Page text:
“Natural wine is nothing new; it’s merely the wisdom that keeps on being forgotten.”
— Alice Feiring
“We’re by no means dogmatic, but observing a high-standard approach directly reflects our integrity and values,” said Solminer’s co-winemaker Anna deLaski. “Could you imagine telling a toddler not to touch anything in their own backyard because it’s poison?” added her husband, David. “We just couldn’t live like that.”
To most proponents, natural wine is more of a hark back to the traditional ways of winemaking — long before the days of industrialization or wine criticism or a points system, when small-batch, minimal-intervention wine was made at home and shared among neighbors, more food source and less commodity. But its modern-day incarnation, which began in the mid-1970s in a tiny town in France, has mushroomed into what some are calling one of the most impactful wine movements of the 21st century.
“Natural wine is nothing new; it’s merely the wisdom that keeps on being forgotten,” explains author Alice Feiring in her new book, Natural Wine for the People. “The genre is a cycle — a plotline like love found, love lost, love found.”
It Starts with the Soil
Currently, the only regulation that shows a vineyard is adhering to natural wine principles is through biodynamic or organic farming certification. The former, certified by the Germany-based Demeter International, takes measured steps to include considerations for nature’s cyclical patterns and rhythms. The latter, certified by state agencies, relies on composts and additives derived strictly from nature, among other standards. The road to certification is not easy, usually requiring years of preparation, a third-party analysis, site visits, and annual reviews. (There’s a smattering of less rigorous certifications as well, including Sustainability in Practice, or SIP, Certified, which is popular across the Central Coast, and a statewide designation called Certified Sustainable.)
Many Santa Barbara County vineyards are already moving in these sustainable directions, with Alma Rosa, Ampelos, Beckmen, Coquelicot, Martian Ranch, Duvarita, Sea Smoke, Grimm’s Bluff, and Solminer heading up the charge. Following closely are vineyards such as Larner and Sunstone, which are either pending or in the process of renewing certification, as well as pioneers such as Demetria, Bien Nacido, and Ibarra-Young Vineyards, which have been practicing biodynamic and organic farming, respectively, for years without pursuing certification or annual renewal.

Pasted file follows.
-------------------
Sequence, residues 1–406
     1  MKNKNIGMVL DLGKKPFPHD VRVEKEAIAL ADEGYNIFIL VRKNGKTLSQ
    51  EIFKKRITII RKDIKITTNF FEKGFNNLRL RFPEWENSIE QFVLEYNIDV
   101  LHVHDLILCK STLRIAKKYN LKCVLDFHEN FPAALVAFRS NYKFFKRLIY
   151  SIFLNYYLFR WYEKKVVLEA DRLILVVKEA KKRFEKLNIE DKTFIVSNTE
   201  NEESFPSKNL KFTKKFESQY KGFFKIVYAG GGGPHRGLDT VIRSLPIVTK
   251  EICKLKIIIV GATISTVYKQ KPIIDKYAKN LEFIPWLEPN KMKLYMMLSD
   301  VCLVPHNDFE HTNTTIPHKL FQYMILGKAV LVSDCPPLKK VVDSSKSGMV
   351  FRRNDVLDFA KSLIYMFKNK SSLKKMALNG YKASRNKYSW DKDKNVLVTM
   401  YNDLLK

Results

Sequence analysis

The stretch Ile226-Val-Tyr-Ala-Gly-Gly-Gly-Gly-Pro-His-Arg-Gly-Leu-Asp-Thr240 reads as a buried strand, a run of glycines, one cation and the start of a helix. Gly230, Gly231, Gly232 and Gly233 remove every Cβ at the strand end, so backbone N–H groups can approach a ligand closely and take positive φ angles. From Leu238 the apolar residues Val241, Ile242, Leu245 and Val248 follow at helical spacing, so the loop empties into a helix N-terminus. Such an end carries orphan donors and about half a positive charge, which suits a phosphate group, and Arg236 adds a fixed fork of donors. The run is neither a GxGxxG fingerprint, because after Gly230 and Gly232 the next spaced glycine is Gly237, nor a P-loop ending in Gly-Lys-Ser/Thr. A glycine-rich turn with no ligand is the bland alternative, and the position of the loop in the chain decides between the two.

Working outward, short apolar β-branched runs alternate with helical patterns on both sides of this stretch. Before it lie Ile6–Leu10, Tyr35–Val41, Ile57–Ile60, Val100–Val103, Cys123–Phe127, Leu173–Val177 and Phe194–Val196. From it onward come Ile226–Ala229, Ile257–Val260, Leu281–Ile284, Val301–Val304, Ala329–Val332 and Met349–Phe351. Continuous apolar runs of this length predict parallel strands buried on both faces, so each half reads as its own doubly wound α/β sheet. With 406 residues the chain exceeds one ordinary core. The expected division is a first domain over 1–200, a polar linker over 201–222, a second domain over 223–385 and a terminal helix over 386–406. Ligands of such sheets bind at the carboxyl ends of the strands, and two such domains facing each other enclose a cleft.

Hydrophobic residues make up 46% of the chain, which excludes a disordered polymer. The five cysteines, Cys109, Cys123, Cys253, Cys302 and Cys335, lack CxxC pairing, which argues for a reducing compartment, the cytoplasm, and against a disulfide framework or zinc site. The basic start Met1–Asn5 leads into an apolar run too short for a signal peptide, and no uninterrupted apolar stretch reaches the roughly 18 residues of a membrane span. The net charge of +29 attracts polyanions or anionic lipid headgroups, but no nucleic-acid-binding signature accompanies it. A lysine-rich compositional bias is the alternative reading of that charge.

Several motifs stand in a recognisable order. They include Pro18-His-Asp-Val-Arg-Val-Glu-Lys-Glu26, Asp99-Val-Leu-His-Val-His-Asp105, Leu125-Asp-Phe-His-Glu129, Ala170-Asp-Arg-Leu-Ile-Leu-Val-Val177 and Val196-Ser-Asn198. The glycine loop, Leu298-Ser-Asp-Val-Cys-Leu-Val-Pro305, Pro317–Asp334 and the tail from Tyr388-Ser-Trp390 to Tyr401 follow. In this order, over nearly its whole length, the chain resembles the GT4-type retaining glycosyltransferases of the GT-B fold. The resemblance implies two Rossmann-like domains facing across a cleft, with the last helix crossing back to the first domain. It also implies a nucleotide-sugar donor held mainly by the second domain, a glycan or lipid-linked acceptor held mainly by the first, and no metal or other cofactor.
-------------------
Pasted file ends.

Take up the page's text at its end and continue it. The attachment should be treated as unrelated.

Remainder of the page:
Then there are those that Jeff Newton, founder of Coastal Vineyard Care Associates and one of the county’s foremost advisors on sustainable vineyard practices, refers to as being “a step or two away from being biodynamic or organic,” citing mental and financial obstacles as reasons why vineyards may not make the formal leap.
“When you tell someone that right off the bat, they’re probably looking at a 15 percent cost increase; that can seem like a fortune,” he explained. “But the long-term benefits are in the form of soil health and resistance to insects …,” he trailed off. “Intuition plays a big part of it.”
For Steve Beckmen of Beckmen Vineyards, the choice was born out of sheer pragmatism. “At first, I didn’t think I needed to be certified, but as people began using the term ‘biodynamic’ loosely, I wanted something official to back up what we were saying and doing,” he explained.
Felicia Dalzell, manager at Martian Ranch, agreed. “We have our certificate posted proudly in our tasting room, where all of our customers can see it,” she said. “Without formal certification, companies can say just about whatever they want about their product — true or not.”
Certification aside, some of the most compelling benefits of a naturally driven, biodiverse vineyard lies in the landscape itself: tufts of yarrow and nettle lining bucolic paths where sheep roam freely, or rows of olive trees keeping head-trained vines company atop an ancient riverbed.
“I remember the first time I walked onto a biodynamic farm,” recalled Newton. “It smelled so good and rich, I got the real sense that something was going on there.”
Jeff Chaney, manager at Grimm’s Bluff, said the mystical element is unmistakable. “It’s hard to quantify, so you reserve a few minutes each day to stand in the center of it all and take it in,” he said. “Doing right by the land is the right way to begin.”
An Evolution of Taste